Saving the Great Plains Grasslands
The grasslands that make up the Great Plains are one of the most recognized landscapes on Earth, but they’re also one of the most imperiled. Stretching east from the foothills of the Rocky Mountains to the Mississippi River, the western plains include short and mixed grass prairie grasses, forbs and wildflowers, and wet sites like playas, river bottoms, and wet meadows.
Much of the Great Plains has been converted to farmland, yet, some of the world’s largest remaining and most intact grasslands exist in this region. The Sandhills grasslands of Nebraska are the second-most intact “true” prairie ecoregion in the world, behind the Mongolian-Manchurian steppe.
Diverse wildlife species, including greater and lesser prairie-chickens, scaled quail, burrowing owls, and the scissor-tailed flycatcher live alongside other grassland dependent critters like the American burying beetle, pronghorn, and the ornate box turtle.
Healthy and resilient working rangelands in the Great Plains support wildlife and power grazing economies. Working grasslands also support migratory species, grassland songbirds, and upland game hunting - all of which benefit rural economies.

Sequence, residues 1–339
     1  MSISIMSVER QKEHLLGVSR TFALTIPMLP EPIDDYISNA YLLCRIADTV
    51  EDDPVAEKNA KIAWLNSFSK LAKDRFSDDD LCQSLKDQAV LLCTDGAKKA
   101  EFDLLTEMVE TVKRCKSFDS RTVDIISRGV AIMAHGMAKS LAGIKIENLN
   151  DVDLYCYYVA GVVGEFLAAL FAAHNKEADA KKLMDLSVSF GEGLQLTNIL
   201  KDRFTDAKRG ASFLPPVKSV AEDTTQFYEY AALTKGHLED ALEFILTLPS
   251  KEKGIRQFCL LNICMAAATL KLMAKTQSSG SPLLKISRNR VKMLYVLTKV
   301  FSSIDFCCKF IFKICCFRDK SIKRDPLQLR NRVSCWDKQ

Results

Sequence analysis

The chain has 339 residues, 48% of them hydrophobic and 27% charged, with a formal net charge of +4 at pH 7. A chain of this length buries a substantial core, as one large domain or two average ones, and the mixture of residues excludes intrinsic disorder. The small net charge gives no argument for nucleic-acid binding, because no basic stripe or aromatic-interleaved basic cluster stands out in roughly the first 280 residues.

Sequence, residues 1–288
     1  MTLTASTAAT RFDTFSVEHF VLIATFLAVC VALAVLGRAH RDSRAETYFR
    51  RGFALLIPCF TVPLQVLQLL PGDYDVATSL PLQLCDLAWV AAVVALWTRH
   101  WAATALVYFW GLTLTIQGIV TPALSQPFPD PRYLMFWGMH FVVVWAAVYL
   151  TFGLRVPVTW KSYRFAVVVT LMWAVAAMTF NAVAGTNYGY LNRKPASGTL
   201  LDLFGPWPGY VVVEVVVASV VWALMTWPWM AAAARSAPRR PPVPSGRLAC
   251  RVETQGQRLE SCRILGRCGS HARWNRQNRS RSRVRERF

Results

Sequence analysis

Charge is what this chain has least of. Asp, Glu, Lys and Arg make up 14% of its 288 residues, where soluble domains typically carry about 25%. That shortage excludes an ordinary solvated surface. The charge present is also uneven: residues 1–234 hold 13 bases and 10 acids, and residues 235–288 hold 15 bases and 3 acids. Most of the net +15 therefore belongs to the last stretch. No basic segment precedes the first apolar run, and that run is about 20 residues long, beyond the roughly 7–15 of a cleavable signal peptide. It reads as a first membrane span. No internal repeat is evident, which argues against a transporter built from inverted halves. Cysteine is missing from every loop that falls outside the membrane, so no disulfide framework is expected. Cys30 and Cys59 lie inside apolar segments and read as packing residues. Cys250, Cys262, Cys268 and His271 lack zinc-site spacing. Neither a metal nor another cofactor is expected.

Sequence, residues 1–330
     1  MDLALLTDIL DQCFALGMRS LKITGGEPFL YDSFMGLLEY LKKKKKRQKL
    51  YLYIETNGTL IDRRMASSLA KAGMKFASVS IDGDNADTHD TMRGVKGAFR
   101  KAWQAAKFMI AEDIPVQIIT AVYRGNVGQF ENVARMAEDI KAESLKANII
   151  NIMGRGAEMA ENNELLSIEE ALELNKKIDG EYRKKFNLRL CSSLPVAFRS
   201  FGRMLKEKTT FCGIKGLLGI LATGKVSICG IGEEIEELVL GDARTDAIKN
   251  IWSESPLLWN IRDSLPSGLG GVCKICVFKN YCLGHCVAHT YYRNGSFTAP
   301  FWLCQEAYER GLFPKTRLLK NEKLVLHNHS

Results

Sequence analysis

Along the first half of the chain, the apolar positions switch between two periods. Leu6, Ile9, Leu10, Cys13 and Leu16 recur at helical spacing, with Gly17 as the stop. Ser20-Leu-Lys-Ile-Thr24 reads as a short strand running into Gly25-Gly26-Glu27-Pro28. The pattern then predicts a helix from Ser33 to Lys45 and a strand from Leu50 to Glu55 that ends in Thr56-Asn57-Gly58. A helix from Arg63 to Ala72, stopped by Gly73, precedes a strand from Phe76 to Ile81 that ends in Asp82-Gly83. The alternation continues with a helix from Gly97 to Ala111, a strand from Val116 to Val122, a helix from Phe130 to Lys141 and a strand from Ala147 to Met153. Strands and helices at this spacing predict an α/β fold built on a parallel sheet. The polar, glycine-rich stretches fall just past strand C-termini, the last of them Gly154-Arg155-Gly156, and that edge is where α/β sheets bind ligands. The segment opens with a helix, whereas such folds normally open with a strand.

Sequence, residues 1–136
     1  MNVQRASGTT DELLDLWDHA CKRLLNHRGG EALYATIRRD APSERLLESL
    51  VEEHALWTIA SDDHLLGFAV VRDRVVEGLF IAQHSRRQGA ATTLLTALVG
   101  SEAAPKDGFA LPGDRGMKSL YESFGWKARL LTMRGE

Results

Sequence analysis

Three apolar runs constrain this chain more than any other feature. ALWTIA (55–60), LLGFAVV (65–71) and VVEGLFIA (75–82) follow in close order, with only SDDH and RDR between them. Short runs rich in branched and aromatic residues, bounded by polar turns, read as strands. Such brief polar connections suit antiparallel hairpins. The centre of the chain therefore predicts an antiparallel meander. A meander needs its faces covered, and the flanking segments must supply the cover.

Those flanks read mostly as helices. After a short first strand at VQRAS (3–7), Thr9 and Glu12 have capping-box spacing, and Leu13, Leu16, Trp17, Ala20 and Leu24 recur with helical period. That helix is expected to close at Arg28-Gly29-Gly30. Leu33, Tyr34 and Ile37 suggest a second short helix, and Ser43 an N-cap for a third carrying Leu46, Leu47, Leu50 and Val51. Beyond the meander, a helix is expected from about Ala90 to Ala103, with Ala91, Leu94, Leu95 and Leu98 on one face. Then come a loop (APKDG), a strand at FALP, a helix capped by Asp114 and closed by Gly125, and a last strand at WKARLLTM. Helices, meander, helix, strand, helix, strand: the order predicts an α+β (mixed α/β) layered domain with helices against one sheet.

When we work to conserve and restore grasslands from North Dakota to Texas, we’re helping diverse wildlife and the hard-working families that have stewarded these lands for generations.
That’s win-win conservation at its best.
A ‘Call to Action’ has emerged in the Great Plains to scale-up conservation on private lands and meet the sustainability targets that benefit both agriculture and wildlife.
In 2020, a multi-state, areawide planning initiative produced the first biome-scale framework for grassland wildlife conservation on the region’s sustainable working rangelands. This initiative features an action-based framework for 2021-2025 focused on addressing the two most severe and large-scale threats to the Great Plains biome: woodland expansion and land use conversion.
“Now is the time to come together as a community and save our prairies.”
Scott Stout, Rancher, President of the Nebraska Prescribed Fire Council, and WLFW Participant